They don’t represent us. Universities are graduating us into careers behind café counters, but every year, politicians increase the number of enrolments. Landlords extort us so we can live in rotten houses, but politicians only make it easier to buy. We like getting pissed and we like getting blazed, but they make booze expensive and lock us up for smoking dak. They trash the environment that we will inherit and they borrow money that we’ll have to pay back, money spent on hip operations and cataract removals and SUV motorways and finance-company bailouts. They forbid us control over our bodies. They send us to fight in places we’re not wanted. No, we are not represented.
And this is not our fault. Yes, we are apathetic, but that apathy is the most radical reaction we have when we ourselves are being ignored. Politicians can’t be bothered shaking their minds out of middle-age malaise to recognise that we have problems which are not theirs. They ignore our cultures and our languages, and so cannot appreciate the frameworks through which we examine society. As long as we blame ourselves for not talking their language, their ignorance will be justified. If we must blame apathy, blame the apathy of politicians.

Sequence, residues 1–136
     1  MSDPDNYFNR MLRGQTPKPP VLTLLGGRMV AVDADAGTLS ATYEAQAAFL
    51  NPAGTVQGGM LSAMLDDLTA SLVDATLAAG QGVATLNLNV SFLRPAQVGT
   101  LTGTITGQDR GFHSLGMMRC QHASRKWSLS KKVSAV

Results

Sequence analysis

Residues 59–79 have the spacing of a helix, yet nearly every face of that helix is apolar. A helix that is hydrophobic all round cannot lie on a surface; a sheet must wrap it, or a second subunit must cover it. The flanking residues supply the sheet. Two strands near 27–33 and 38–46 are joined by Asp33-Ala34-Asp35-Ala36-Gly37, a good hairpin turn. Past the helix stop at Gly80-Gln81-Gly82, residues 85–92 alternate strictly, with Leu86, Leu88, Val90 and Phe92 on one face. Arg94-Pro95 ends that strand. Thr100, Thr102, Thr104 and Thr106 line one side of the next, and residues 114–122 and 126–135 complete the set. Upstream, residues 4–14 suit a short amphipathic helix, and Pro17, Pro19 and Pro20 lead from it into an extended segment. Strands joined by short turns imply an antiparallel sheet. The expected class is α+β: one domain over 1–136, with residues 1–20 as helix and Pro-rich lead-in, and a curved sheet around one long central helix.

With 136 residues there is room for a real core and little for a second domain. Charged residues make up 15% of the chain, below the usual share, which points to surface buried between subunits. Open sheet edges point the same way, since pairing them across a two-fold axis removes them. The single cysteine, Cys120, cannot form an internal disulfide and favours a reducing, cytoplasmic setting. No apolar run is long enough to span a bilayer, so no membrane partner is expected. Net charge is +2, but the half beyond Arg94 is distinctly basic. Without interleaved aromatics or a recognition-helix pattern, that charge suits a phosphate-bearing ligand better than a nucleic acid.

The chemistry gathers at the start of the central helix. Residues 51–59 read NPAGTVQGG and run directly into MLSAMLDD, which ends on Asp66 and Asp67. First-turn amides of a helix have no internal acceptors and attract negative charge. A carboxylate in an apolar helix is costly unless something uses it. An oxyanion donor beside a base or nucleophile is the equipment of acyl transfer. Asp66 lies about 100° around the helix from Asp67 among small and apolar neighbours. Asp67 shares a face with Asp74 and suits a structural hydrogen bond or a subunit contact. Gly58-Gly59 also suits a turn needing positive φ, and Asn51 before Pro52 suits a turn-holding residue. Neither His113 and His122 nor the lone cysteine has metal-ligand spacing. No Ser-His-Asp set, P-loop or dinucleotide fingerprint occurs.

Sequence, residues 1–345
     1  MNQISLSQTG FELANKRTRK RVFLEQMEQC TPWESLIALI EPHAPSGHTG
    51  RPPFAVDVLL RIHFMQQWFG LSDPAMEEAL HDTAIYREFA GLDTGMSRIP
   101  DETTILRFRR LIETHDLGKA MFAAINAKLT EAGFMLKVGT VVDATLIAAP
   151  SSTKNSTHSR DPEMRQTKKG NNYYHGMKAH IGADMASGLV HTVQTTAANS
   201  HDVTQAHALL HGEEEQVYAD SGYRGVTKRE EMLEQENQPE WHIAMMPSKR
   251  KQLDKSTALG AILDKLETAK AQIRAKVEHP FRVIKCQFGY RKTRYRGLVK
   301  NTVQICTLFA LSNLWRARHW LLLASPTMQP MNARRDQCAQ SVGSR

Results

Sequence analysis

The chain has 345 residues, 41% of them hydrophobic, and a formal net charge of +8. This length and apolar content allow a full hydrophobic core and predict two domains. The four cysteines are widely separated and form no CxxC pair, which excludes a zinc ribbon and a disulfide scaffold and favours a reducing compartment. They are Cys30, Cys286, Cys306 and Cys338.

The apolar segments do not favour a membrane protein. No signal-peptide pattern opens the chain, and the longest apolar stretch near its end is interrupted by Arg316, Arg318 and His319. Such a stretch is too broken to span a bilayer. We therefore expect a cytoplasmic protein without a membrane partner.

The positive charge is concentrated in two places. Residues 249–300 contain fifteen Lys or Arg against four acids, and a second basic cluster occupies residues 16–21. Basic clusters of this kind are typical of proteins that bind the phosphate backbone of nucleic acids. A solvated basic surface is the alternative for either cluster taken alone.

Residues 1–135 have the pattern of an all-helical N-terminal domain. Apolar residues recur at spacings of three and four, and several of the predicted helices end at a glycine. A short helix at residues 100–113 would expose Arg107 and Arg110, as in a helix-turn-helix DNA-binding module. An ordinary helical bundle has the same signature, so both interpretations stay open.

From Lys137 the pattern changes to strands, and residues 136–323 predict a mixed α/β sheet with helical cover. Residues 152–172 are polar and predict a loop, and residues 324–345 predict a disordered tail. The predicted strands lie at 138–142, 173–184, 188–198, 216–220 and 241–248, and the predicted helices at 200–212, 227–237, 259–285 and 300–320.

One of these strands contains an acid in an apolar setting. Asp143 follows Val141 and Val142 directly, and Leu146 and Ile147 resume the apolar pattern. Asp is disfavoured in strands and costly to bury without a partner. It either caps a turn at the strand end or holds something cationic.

I mean, sure: I understand those who think voting would let us play the game of political bribes. The National Party clings to an impossible superannuation age and the Labour Party wants to give anyone older than 65 free doctor visits. The elderly have New Zealand’s lowest poverty rates and New Zealand’s highest voting rates. It’s obvious which is the cause of the bribes. It’s easy to think playing their game would earn us the same rewards.